Any fact based posts or discussions about astronomy. The occasional bit of humor never hurt anybody either I guess.

Members: 30
Latest Activity: May 28

My home planet. lol

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M82 (Cigar Galaxy). Taken at Nutwood Observatory April 2011

Started by Darlene J. @ Nutwood Observatory. Last reply by CreekEnd_UK Feb 9, 2012. 3 Replies

Another new photo taken at Nutwood ObservatoryM82 (Cigar Galaxy). Hi Res close-up (24 meg) CCD image LLRGB (6,3,2,2) hrs. Taken at Nutwood Observatory April 2011. f9 Ceravolo, ME mount, guided subs…Continue

Tags: astronomy

What type of telescope

Started by Maryanne Leach. Last reply by Gary H Sep 23, 2010. 4 Replies

Hi Gary:I was curious of the type of telescope you use to get the pictures you have..............Continue

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Comment by Gary on May 28, 2014 at 12:00pm

Comment by Gary on April 15, 2014 at 9:31am

Re Mars opposition and lunar eclipse last night.

Comment by Gary on March 10, 2014 at 12:44pm

"If humanity ever succeeds in establishing a foothold on Mars and Terraforming it humanity will indeed have a long term future to look forward to."


Comment by Gary on March 6, 2014 at 9:06pm

Hi Miryam. Wouldn't there be an app for that? Just wondering. When it comes to other languages I just nod and try to look intelligent.

Comment by Gary on March 6, 2014 at 9:53am

"Astronomers Zoom in on Unusual Spiral Galaxy"

"The gas in Abell 3627 is so hot at 180 million degrees Fahrenheit that it glows in X-rays detected by Chandra observatory."


Comment by Gary on February 22, 2014 at 4:17pm

"Mauna Kea telescope, world's biggest, closer to completion"

Comment by Gary on February 20, 2014 at 5:37pm

"Lost in space: Massive asteroid goes missing, amateur sky-watchers asked to find it."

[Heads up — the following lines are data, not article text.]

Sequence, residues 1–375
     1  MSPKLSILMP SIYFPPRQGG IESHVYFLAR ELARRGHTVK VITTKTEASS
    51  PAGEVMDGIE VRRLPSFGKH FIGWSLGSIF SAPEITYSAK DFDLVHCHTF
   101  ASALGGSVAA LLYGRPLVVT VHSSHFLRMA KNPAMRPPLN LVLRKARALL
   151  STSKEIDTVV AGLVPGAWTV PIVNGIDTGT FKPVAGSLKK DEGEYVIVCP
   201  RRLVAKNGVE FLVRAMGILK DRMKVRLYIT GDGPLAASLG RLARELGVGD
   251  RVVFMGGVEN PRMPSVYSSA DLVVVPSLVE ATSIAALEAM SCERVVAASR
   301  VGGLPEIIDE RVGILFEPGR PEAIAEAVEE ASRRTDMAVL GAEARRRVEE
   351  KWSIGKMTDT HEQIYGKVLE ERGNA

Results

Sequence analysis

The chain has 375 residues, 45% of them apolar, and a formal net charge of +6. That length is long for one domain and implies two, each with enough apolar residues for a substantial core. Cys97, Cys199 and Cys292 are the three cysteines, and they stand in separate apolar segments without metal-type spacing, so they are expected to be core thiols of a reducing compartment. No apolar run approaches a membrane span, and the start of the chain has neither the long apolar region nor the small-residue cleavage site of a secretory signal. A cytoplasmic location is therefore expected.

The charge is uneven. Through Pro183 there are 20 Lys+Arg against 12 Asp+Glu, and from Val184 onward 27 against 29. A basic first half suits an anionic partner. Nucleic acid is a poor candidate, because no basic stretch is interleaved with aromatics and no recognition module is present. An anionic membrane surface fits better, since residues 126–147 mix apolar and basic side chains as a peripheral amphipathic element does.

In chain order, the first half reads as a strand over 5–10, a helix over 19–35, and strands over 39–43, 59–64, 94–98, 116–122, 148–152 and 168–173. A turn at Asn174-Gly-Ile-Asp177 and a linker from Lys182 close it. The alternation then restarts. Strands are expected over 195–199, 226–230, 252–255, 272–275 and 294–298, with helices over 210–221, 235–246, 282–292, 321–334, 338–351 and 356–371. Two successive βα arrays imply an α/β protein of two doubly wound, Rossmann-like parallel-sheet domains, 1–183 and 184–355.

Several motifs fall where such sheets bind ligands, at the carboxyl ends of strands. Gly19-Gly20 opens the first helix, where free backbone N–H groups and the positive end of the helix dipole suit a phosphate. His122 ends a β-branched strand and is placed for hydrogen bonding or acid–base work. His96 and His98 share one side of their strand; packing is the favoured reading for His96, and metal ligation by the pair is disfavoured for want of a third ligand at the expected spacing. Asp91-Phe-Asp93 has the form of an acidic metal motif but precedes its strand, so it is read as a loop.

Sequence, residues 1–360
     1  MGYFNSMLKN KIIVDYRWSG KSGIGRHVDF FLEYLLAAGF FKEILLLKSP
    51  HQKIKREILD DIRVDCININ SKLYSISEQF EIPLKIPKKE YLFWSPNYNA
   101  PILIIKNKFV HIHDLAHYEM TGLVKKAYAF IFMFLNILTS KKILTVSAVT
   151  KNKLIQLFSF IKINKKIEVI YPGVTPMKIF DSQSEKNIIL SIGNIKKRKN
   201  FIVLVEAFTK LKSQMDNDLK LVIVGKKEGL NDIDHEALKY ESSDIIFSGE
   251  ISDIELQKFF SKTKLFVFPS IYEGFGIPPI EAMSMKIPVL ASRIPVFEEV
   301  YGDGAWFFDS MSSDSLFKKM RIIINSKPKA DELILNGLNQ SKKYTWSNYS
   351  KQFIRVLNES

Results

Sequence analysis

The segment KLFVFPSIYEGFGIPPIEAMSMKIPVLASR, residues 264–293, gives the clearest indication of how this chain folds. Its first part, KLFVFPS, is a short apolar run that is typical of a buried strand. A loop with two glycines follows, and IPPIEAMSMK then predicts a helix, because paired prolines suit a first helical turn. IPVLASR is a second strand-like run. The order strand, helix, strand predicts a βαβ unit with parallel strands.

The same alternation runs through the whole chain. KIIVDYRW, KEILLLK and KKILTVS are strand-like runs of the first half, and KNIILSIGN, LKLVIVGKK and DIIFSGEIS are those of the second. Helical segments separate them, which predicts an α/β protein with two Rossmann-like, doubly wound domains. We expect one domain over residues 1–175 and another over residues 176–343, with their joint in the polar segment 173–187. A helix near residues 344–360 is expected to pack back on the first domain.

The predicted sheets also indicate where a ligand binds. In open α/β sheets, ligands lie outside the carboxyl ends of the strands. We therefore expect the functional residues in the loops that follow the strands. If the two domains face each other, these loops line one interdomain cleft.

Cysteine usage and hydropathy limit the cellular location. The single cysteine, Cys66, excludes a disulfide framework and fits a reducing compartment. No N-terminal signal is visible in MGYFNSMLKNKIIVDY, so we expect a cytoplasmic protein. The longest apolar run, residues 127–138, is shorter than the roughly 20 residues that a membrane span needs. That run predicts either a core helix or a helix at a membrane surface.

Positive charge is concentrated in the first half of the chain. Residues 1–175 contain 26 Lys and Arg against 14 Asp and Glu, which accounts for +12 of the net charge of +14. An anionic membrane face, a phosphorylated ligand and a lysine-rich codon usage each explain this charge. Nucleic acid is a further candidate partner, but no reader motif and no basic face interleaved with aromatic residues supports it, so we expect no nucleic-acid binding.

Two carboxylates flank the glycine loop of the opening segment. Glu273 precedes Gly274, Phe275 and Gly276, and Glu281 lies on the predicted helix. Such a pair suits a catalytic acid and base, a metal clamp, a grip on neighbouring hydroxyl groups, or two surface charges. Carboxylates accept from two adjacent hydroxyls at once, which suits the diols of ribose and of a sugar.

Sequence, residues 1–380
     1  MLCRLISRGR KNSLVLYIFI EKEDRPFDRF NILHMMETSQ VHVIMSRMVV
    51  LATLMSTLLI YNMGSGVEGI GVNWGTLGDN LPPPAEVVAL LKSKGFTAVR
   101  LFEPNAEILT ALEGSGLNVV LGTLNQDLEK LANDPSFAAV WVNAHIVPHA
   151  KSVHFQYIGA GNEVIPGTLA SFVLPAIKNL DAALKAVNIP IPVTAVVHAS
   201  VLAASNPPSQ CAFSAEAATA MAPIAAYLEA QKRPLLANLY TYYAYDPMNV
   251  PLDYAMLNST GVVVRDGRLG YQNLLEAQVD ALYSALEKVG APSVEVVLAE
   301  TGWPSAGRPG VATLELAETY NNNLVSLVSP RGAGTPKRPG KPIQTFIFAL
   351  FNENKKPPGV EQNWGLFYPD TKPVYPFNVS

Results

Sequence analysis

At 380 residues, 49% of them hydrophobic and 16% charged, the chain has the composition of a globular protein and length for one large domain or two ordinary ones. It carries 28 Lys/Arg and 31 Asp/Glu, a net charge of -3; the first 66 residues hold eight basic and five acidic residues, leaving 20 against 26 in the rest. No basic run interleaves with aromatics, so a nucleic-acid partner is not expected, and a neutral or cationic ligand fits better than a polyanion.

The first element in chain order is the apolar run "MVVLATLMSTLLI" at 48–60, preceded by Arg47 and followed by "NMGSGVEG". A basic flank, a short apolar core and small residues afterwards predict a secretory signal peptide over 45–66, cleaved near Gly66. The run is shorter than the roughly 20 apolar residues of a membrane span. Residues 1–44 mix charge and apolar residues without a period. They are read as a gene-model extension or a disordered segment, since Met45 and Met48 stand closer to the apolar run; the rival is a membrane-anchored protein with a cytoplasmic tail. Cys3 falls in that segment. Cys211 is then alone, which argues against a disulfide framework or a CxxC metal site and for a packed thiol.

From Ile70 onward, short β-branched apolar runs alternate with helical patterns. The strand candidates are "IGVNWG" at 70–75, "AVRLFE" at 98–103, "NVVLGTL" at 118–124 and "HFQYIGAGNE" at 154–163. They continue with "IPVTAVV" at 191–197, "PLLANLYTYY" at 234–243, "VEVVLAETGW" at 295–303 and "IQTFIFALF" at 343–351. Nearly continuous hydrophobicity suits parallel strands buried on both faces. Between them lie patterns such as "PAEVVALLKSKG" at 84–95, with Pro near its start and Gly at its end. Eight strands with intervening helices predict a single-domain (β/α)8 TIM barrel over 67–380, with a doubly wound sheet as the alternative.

Comment by Gary on February 17, 2014 at 10:25am

The God Particle' explained in 120 seconds - BBC Radio 4

Comment by Gary on February 3, 2014 at 4:39pm

"Star next door may host a 'superhabitable' world"

"Earth may be our home, but another planet even cosier for life could be orbiting the star next door. A detailed analysis of what might make planets suitable for life says that Alpha Centauri B, the star closest to our sun, would be the perfect star to host a "superhabitable" planet – a world of islands, shallow seas and gentle slopes, where the conditions needed to support a diverse array of life forms would persist for up to 10 billion years. But the near-paradise would come at a cost to visitors from Earth: the pull of gravity would be about one-quarter stronger than on our home turf."

Full story...|NSNS|2013-GLOBAL-hoot#.UvAL-bQ8Eek

Comment by Gary on January 26, 2014 at 9:16am

“The picture Hawking gives sounds reasonable,” Don Page, a physicist and expert on black holes at the University of Alberta in Edmonton, Canada told Nature. “You could say that it is radical to propose there’s no event horizon. But these are highly quantum conditions, and there’s ambiguity about what space-time even is, let alone whether there is a definite region that can be marked as an event horizon.”


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